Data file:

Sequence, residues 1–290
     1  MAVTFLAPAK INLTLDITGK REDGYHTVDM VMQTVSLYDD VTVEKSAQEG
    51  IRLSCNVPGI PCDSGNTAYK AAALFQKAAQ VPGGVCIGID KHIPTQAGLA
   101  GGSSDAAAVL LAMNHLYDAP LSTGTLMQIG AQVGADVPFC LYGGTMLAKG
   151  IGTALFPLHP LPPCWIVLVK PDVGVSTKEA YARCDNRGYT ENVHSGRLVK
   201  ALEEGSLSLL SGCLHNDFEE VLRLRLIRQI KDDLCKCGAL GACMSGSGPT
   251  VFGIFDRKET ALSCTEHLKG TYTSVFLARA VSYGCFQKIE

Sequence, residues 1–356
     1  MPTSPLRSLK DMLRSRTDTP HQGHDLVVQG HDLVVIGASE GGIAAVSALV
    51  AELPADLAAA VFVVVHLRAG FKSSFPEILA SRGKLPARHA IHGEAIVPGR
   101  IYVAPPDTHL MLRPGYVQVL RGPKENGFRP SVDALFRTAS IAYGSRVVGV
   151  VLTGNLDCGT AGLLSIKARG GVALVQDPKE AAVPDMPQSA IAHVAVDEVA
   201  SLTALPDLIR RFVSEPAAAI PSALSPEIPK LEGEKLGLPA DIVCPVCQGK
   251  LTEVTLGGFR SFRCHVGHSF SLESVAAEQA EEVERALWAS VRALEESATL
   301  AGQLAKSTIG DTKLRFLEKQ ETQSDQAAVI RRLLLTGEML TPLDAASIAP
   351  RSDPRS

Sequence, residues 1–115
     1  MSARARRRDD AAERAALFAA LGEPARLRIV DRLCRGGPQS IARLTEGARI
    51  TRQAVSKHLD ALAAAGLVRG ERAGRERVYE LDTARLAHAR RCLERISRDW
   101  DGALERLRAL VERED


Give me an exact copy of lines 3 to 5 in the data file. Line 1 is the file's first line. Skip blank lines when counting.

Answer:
    51  IRLSCNVPGI PCDSGNTAYK AAALFQKAAQ VPGGVCIGID KHIPTQAGLA
   101  GGSSDAAAVL LAMNHLYDAP LSTGTLMQIG AQVGADVPFC LYGGTMLAKG
   151  IGTALFPLHP LPPCWIVLVK PDVGVSTKEA YARCDNRGYT ENVHSGRLVK